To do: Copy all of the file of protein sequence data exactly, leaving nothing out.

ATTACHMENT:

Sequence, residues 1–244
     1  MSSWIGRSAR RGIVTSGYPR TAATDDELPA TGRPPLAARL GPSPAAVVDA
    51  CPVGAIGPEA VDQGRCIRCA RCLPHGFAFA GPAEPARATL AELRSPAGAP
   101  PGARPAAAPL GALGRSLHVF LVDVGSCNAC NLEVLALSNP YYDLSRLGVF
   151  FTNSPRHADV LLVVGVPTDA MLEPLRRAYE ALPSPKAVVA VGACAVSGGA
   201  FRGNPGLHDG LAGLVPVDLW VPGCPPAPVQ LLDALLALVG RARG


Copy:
Sequence, residues 1–244
     1  MSSWIGRSAR RGIVTSGYPR TAATDDELPA TGRPPLAARL GPSPAAVVDA
    51  CPVGAIGPEA VDQGRCIRCA RCLPHGFAFA GPAEPARATL AELRSPAGAP
   101  PGARPAAAPL GALGRSLHVF LVDVGSCNAC NLEVLALSNP YYDLSRLGVF
   151  FTNSPRHADV LLVVGVPTDA MLEPLRRAYE ALPSPKAVVA VGACAVSGGA
   201  FRGNPGLHDG LAGLVPVDLW VPGCPPAPVQ LLDALLALVG RARG